We met for almost 2 hours, chatting about other issues along the way. In the end she said she will send me a bill at the end of the month.  But she will only charge me for one hour of her time.  I felt such relief on the way home as I had been so stressed about everything that is happening in my life right now.  Things seem to pile on sometimes, and it is very helpful to have an experienced person to talk to and help with the decision-making.

Posted in Alzheimer's Disease, Assisted Living Facility, Caregiving, Dementia, Elder Care, Eldercare, Geriatric Case Manager | Tagged , , , , , , | 4 Comments


Today I visited dad as usual for a Sunday morning.  Dad was not in the lounge where he usually is.  Instead I went to his room and I found him almost asleep in his chair.  He asked what was new and I told him about my day so far and that it was cold out.  We talked a few minutes and then he laid back his head and was half asleep again.

I took out my iPad and tried to find some pictures to show him. I didn’t find anything though.  After another 20 minutes or so, my son arrived and knocked on the door.  He came in with enthusiasm and dad talked to him a little.  Then dad went back to resting in his chair and my son and I were having a conversation.  It is hard to keep dad engaged lately!

Towards noon I reminded dad that it was almost lunch time and did he want to use the bathroom. He asked if we were going out and I said no, we were just going down to the dining room for him to have his lunch.  I think the only thing that gets much enthusiasm from him lately is when I ask if he wants to go out for lunch.

But today is very windy and feels quite cold. Also I don’t take him out on Sundays as all the restaurants are either closed until 4 or they are very crowded on Sundays.

When dad got up to go to the bathroom, he still seemed confused and his walk was very shaky. As we walked him to the dining room, he seemed very thin and frail.  I need to check and see what his weight was for the beginning of October, but while the aides were all in the wellness area, they would soon be helping residents with lunch, so I just left.  I will ask that on Tuesday.

One of the things that was troubling today was that dad’s room seemed quite cool. I went to check the back door and it was closed and a new sign on it says not to open that door, which was good to see.  I checked the thermostat and it was set to 80, but it was clearly not that warm in the room.  I moved it higher and checked it was on “heat” and it was.  Something was wrong.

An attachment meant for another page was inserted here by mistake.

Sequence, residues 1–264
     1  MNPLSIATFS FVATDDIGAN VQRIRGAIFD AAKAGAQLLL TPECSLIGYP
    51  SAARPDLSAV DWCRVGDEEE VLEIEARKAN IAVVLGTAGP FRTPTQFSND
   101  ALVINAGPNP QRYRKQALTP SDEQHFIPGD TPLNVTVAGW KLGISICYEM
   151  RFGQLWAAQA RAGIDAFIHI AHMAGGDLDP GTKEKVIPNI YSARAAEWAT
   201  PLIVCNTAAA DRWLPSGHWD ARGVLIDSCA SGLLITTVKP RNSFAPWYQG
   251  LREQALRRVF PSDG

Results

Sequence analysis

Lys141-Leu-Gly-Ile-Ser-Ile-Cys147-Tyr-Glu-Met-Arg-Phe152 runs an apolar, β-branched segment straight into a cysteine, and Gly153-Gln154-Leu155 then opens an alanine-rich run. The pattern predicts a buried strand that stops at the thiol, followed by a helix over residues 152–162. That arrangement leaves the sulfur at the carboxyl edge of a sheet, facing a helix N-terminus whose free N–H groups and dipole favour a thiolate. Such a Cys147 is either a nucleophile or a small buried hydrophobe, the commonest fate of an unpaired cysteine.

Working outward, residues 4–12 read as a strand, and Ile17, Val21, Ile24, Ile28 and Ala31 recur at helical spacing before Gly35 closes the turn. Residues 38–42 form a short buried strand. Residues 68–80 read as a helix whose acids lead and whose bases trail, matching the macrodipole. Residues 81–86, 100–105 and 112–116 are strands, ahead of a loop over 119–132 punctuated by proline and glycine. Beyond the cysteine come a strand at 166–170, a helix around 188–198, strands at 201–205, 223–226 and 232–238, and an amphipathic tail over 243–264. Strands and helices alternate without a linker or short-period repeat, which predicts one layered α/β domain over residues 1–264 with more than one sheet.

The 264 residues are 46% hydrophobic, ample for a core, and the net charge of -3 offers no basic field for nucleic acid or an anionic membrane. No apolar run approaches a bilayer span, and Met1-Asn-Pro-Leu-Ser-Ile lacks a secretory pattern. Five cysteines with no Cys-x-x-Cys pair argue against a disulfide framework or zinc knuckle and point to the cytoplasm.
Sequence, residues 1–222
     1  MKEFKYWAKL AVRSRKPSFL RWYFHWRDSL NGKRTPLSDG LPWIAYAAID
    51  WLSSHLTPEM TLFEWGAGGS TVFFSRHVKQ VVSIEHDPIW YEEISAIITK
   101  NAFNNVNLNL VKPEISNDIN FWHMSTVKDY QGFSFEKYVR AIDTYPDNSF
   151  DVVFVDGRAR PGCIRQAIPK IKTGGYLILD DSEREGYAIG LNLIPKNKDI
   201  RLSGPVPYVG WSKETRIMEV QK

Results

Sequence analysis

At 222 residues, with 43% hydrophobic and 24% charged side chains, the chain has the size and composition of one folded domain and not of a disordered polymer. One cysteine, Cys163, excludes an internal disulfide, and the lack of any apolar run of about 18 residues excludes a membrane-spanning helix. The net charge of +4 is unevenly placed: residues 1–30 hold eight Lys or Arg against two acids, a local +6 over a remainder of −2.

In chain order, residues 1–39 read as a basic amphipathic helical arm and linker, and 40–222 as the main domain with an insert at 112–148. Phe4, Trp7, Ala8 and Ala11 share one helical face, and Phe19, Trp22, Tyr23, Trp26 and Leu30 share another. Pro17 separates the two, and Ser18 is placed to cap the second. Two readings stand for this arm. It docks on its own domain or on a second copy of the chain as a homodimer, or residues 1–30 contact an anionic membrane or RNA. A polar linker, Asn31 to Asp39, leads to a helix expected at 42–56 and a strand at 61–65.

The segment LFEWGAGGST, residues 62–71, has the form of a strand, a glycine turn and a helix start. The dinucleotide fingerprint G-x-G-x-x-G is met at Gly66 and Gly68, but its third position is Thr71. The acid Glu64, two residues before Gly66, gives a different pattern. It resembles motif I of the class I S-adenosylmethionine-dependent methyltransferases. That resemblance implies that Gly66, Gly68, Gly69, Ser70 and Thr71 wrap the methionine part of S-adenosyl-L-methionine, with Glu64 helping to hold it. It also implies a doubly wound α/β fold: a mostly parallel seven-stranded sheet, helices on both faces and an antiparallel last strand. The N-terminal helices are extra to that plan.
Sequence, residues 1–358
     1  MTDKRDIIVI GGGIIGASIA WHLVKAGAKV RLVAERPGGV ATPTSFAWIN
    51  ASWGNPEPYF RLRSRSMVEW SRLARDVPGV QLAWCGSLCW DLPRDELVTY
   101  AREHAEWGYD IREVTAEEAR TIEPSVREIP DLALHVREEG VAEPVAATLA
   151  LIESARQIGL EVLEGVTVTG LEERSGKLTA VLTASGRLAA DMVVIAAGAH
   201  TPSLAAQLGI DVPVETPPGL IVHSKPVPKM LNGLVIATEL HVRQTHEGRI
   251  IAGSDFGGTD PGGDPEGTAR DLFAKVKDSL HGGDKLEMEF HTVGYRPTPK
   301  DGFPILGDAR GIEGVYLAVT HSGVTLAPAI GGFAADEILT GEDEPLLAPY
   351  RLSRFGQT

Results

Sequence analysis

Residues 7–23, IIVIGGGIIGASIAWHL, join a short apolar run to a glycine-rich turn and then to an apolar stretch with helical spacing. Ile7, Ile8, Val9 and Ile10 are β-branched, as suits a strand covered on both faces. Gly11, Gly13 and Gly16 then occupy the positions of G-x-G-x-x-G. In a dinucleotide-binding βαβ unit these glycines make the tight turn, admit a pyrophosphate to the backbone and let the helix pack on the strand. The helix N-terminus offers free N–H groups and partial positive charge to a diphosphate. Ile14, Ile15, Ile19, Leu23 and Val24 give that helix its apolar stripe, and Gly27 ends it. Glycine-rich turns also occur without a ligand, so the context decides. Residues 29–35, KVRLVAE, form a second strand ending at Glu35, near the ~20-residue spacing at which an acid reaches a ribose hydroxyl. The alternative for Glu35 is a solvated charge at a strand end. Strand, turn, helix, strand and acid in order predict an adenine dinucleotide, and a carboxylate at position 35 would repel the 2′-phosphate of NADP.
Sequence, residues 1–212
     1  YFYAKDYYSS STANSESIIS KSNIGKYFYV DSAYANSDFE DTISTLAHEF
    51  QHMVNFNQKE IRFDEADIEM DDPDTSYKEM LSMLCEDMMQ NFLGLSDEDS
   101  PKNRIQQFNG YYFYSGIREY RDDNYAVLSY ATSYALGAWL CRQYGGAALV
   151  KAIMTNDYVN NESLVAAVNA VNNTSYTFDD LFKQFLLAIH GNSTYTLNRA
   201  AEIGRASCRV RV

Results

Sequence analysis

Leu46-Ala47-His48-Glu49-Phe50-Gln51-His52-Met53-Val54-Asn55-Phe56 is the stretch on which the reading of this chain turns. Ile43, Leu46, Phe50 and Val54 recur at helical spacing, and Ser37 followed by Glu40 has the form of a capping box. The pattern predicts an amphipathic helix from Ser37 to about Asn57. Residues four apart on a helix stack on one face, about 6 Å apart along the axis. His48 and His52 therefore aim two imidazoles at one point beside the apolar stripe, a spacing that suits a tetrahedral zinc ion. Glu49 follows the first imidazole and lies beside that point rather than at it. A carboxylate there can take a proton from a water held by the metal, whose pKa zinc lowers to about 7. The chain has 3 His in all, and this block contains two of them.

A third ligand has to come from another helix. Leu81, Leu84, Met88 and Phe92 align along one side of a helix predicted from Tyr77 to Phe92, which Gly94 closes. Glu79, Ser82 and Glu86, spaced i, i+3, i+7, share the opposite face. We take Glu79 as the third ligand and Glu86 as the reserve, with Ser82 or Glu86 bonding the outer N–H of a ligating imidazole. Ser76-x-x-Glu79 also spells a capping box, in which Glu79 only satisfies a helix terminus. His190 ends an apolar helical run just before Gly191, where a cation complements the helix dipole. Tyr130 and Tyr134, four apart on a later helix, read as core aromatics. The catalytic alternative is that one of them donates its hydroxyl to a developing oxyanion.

I checked the wall heater under the window which should have been making heating noise and generating heat. It was not on.  The fan button was turned to high.  Then I looked for the plug.  It was not plugged in to the socket!  Someone had unplugged the heater!  I suspect it was the person who came to clean the bathroom but have no way to know.

I walked down to the wellness center and told the aides that dad’s heater was unplugged. They all seemed surprised and were sure none of them had done it.  I am getting so frustrated.  I don’t want to complain every time I go in to visit dad!  But how can I get them to give him the attention he needs when there are so many people who come and go in his room every day?  The person who turns off the heat never stays long enough to see the temperature go down and see dad get cold.  It is hit and run with them.

I know dad makes the room very warm and it is hard for the workers to do their chore – whether making the bed or cleaning the bathroom – in such a hot room. But, when they turn off the heat and then leave, or open the door and then leave – they are setting dad up to have no heat later.  Then I find him cold when I get there.  What happens on days when I don’t go in?  Does he sit and shiver for awhile?  How long does it take for someone to realize he has no heat?  What do I do next?

I am starting to wonder now if I should move dad to the memory care unit at another facility before it becomes necessary. That is, before his current ALF tells me he has to move, should I make the decision myself?  What is the basis for such a decision?  Is it based on the fact that he doesn’t seem able to figure out why his room is cold?  Is it because I expect better care at the memory unit in the medical center?

If I move him, it will be disruptive to his routine. Would it increase his dementia symptoms?  Would he get much worse?  The room he would move to is very small compared to what he has now.  They tend to try to keep all the memory care residents in the large central room where activities take place.  Would he be unhappy with that?  He likes to sit and snooze.  Would they make him be more active?  Suppose he couldn’t?  or wouldn’t?

I really can’t decide how to proceed. I want him settled into the right place for the winter if I will be moving him at all.  I don’t want to have to make a change during bad weather.  And I heard the facility he is at now has made some people move with very little notice – first into their memory care unit, and then out of it.  This is why I will not consider their memory care unit.


Posted in Alzheimer's Disease, Assisted Living Facility, Dementia, Elder Care, Eldercare, Memory Care Facility | Tagged , , , , , , | 10 Comments

Another Sign of Alzheimer’s Progression?

Dad seemed to be doing very well lately.  It is over 10 years since dad was diagnosed with Alzheimer’s disease and he has had poor short-term memory for quite awhile already.  Still his long term memory seemed good.  In the past 2 months, when I took him out to lunch, he has been eating better than he had in the past few years.  He completely finished his entre most times, whereas before he only ate half.  I was beginning to think he was going to stay stable for a long time.